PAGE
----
No ship has ever been able to carry so many goods in one journey; the Mc-Kinney Møller has room for 18,000 containers, each of them 20ft long, 8ft wide and 8ft high. That’s enough space for 36,000 cars or 111 million pairs of trainers. But Maersk, the ship’s Danish owner, will not just benefit from the economies of scale that spring from operating such a large vessel; it will also save money on petrol.

The ship has been designed to sail at an average of only 16 knots – a system known as “super slow steaming” – which is expected to save the company around £750,000 in fuel on a typical journey between Shanghai and Rotterdam.

It will still emit egregious amounts of pollution – cargo ships use a form of high-sulphur fuel, banned on land, that has been linked to cancer, heart disease and coastal erosion.

But, instead of burning 214 tons a day, the Mc-Kinney Møller will burn a slightly less-damaging 150 tons, which Maersk executives insist is a step in the right direction. The slow speed also reduces carbon dioxide emissions.

Over the next two years, Maersk is overseeing the construction of another 19 similar vessels, forming a class of ship it calls “Triple-E” dedicated to the Asia-Europe route.

The captain of the third Triple-E will be David Johnstone, from Wishaw, in Lanarkshire, a Harley-Davidson fanatic who has been skippering container ships for 24 years.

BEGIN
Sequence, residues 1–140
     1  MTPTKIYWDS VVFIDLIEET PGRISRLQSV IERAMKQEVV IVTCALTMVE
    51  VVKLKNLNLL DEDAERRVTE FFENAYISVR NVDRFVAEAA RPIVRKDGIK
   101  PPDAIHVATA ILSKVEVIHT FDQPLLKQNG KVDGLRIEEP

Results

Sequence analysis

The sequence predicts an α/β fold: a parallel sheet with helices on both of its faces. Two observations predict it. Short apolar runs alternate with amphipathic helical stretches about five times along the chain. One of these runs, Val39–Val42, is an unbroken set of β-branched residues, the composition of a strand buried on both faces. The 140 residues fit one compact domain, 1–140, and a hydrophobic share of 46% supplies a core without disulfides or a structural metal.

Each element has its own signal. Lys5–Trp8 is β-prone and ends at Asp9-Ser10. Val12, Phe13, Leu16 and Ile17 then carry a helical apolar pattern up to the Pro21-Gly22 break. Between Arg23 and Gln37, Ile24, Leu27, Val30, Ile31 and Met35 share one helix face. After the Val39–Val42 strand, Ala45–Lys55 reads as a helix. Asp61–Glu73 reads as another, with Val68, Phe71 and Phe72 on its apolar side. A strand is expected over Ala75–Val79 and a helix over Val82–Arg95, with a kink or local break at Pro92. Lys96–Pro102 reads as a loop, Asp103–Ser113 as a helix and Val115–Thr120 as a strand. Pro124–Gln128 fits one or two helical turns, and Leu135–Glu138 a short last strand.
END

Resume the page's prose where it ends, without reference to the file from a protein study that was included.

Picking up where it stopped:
On the day I spoke to him he had just returned from Belfast where he’d visited an exhibition about another big ship – the Titanic.

Was that necessarily the best preparation for his new job?

Johnstone insisted it was. “The Titanic has fascinated me for 40-odd years. I’ve got books on the Titanic, I’ve got a 3ft print of the Titanic on my wall. I went to the exhibition with 40 other bikers and they thought it was hilarious to get me to pose in the souvenir shop with a captain’s hat.

“But, when it came to the exhibition itself, I went round on my own. The story reminds you that no ship is impregnable. Even a 400-metre ship in a typhoon is at the mercy of the elements.”

http://www.telegraph.co.uk/finance/newsbysector/industry/10203784/The-biggest-ship-in-the-world.html

Kenya jails 9 Somali pirates over attempted hijack

Five years each, less time served. Huh. I’m old enough to remember when “piracy with violence” was punishable by death under the Piracy Act (1837).

Kenya jails nine Somali pirates for attacking German ship

(Reuters) – A Kenyan court in the coastal city of Mombasa sentenced nine Somalis on Tuesday to five years in prison each for attempting to hijack the German merchant vessel MV Courier in the Gulf of Aden in March 2009.